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Re: Enhancing PropertyValue-based data (was Re: Generic Property-Value Proposal for Schema.org)

From: Jarno van Driel <jarno@quantumspork.nl>
Date: Sun, 4 May 2014 01:21:55 +0200
Message-ID: <CAFQgrbbPONctu6wxCnr35xzKLr4T8APgkiv7KyLgE62+Ok7fQw@mail.gmail.com>
To: Francois-Paul Servant <francoispaulservant@gmail.com>
Cc: Martin Hepp <martin.hepp@ebusiness-unibw.org>, Niklas Lindström <lindstream@gmail.com>, W3C Web Schemas Task Force <public-vocabs@w3.org>
I'm not quite sure by the way whether "Property
http://acme.org/vocab/#Voltage" is considered to be a multi-type-entity
RDFa or not. If so I guess one could use @sameAs in RDFa as well:

<div vocab="http://schema.org/" typeof="Product">
    ...
    <div property="additionalProperty" typeof="PropertyValue" id="
http://ex.com/ov_100_250">
      <link property="sameAs" href="http://acme.org/vocab/#Voltage">
      ...
    </div>
</div>


On Sun, May 4, 2014 at 12:05 AM, Jarno van Driel <jarno@quantumspork.nl>wrote:

> Sorry, should have been:
>
> <div vocab="http://schema.org/" typeof="Product">
>     ...
>     <div property="additionalProperty" typeof="PropertyValue
> http://acme.org/vocab/#Voltage" id="http://ex.com/ov_100_250">
>     ...
>     </div>
> </div>
>
> as opposed to:
>
> <div itemscope itemtype="http://schema.org/Product">
>     ...
>     <div itemprop="additionalProperty" itemscope itemtype="
> http://schema.org/PropertyValue" itemid="http://ex.com/ov_100_250">
>     <link itemprop="sameAs" href="http://acme.org/vocab/#Voltage">
>     ...
>     </div>
> </div>
>
> And would this serve your purpose?
>
>
> On Sat, May 3, 2014 at 11:29 PM, Jarno van Driel <jarno@quantumspork.nl>wrote:
>
>> Forgive me if I misunderstand your point, but doesn't:
>>
>> <div vocab="http://schema.org/" typeof="Product">
>>     ...
>>     <div property="additionalProperty" typeof="PropertyValue
>> http://ex.com/ov_100_250" id="http://ex.com/ov_100_250">
>>     ...
>>     </div>
>> </div>
>>
>> get the same result as:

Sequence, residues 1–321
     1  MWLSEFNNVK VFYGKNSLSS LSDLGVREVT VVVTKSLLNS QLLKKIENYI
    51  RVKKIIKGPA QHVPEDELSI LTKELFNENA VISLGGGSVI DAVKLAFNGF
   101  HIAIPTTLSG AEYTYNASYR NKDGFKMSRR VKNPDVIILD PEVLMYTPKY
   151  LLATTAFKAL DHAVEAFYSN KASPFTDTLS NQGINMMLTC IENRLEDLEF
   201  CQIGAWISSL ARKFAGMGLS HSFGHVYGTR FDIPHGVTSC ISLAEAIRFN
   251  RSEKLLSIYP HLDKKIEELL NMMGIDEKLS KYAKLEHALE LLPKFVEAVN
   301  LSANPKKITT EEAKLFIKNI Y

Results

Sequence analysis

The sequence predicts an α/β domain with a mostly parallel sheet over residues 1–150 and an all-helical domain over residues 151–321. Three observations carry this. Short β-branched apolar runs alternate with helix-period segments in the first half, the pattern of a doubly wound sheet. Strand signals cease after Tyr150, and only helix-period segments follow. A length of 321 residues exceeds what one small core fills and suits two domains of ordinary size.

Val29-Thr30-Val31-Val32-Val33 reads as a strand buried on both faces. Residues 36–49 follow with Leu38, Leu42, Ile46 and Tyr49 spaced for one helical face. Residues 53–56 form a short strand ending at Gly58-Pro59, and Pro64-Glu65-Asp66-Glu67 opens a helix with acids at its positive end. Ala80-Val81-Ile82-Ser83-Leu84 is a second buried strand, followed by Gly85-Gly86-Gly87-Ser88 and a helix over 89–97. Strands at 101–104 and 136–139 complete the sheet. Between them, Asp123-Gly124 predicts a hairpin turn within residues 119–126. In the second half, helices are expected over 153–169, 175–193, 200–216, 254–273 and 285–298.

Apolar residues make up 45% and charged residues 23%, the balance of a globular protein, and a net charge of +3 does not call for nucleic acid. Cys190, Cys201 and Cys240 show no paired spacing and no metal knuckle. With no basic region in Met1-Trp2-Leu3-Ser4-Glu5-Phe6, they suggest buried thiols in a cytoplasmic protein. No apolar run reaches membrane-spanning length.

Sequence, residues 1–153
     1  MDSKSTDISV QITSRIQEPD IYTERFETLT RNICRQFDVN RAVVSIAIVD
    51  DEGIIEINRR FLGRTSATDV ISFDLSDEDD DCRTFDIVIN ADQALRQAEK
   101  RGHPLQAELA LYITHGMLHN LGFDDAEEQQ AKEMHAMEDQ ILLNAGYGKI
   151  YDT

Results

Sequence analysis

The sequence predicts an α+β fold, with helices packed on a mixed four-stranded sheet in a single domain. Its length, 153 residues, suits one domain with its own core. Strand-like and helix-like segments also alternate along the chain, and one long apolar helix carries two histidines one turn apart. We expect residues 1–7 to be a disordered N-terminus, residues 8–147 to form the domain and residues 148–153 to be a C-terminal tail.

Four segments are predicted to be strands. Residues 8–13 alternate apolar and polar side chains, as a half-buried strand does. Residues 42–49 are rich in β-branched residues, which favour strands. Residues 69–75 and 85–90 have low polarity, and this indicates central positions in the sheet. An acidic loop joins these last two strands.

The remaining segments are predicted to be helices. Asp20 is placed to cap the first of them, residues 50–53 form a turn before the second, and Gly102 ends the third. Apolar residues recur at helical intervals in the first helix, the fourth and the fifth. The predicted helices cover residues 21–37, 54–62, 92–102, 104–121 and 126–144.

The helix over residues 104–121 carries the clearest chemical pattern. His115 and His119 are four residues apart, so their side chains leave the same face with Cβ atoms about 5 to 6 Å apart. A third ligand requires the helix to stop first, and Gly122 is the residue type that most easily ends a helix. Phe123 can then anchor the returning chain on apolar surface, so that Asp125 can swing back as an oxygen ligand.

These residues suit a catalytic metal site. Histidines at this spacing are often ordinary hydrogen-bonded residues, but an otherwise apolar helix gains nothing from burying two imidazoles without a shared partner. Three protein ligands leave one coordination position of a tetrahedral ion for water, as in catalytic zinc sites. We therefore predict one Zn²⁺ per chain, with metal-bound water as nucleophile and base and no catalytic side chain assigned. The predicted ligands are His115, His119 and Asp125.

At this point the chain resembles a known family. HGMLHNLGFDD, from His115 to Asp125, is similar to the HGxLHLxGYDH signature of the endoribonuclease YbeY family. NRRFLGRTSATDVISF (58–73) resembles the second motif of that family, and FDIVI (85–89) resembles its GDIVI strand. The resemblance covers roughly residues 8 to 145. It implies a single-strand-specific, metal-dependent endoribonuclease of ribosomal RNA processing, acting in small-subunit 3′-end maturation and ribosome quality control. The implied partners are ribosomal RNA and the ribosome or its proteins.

>>
>> <div itemscope itemtype="http://schema.org/Product">
>>     ...
>>     <div itemprop="additionalProperty" itemscope itemtype="
>> http://schema.org/PropertyValue" itemid="http://ex.com/ov_100_250">
>>     <link itemprop="sameAs" href="http://acme.org/vocab/#Voltage">
>>     ...
>>     </div>
>> </div>
>>
>> Would the @propertyID still be needed then?
>>
>>
>> On Sat, May 3, 2014 at 2:21 PM, Francois-Paul Servant <
>> francoispaulservant@gmail.com> wrote:
>>
>>> Hi,
>>>
>>> what does it take to improve data published using PropertyValue, and to
>>> share the enhancements?
>>>
>>> Le 2 mai 2014 à 22:37, martin.hepp@ebusiness-unibw.org a écrit :
>>> <snip>
>>>
>>> Ideal Version: External Property with Qualitative Value
>>>
>>> <div itemscope itemtype="http://schema.org/Product">
>>>  <span itemprop="name">ACME Electric Anvil</span>
>>> ...
>>>  Operating Voltage: <div itemprop="http://acme.org/vocab/#voltage"
>>> itemscope
>>>       itemtype="http://schema.org/QuantitativeValue">
>>>      <span itemprop="minValue">100</span>-
>>>      <span itemprop="maxValue">220</span>
>>>      <meta itemprop="unitCode" content="VLT" > V
>>> </div>
>>>
>>> with this
>>>
>>> Variant 1: Property name instead of URI
>>>
>>> <div itemtype="http://schema.org/Product">
>>>  <span itemprop="name">ACME Electric Anvil</span>
>>>  <div itemprop="additionalProperty" itemscope itemtype="
>>> http://schema.org/PropertyValue">
>>>   <span itemprop="name">Operating Voltage</span>
>>>   <span itemprop="minValue">100</span>-
>>>   <span itemprop="maxValue">250</span>
>>>   <meta itemprop="unitCode" content="VLT"> V
>>>  </div>
>>> </div>
>>>
>>> or this
>>>
>>> Variant 2: Unit as text instead of UN/CEFACT Common Code and range as a
>>> single field
>>>
>>>
>>> <div itemtype="http://schema.org/Product">
>>>  <span itemprop="name">ACME Electric Anvil</span>
>>>  <div itemprop="additionalProperty" itemscope itemtype="
>>> http://schema.org/PropertyValue">
>>>   <span itemprop="name">Operating Voltage</span>
>>>   <span itemprop="value">100-250</span>-
>>>   <span itemprop="unitText">V</span>
>>>  </div>
>>> </div>
>>>
>>> or in worst case this:
>>>
>>> Variant 3: Range and Unit in a joint field
>>>
>>> <div itemtype="http://schema.org/Product">
>>>  <span itemprop="name">ACME Electric Anvil</span>
>>>  <div itemprop="additionalProperty" itemscope itemtype="
>>> http://schema.org/PropertyValue">
>>>   <span itemprop="name">Operating Voltage</span>
>>>   <span itemprop="value">100-250 V</span>-
>>>  </div>
>>> </div>
>>>
>>>
>>> It is obvious that the version with a dedicated property URI and a
>>> proper http://schema.org/QuantitativeValue node is easier to process.
>>>
>>> But from a data provider's perspective, who typically has the product
>>> properties in very light-weight property-value structures, with often
>>> proprietary properties, even the step to Variant 1 makes data publication
>>> much, much simpler, because he does not have to map the local property name
>>> to a standard property URI nor determine the type of the value
>>> (quantitative, qualitative, or Boolean). That is VERY difficult from
>>> typical Web applications, even if the back-end systems (PDM/PIM) had this
>>> additional data.
>>>
>>>
>>>
>>> one interesting exercise is to try to take data published in the
>>> non-ideal variants, and to see what it requires to get to the ideal one.
>>> With one constraint: we must imagine that there is already a lot of data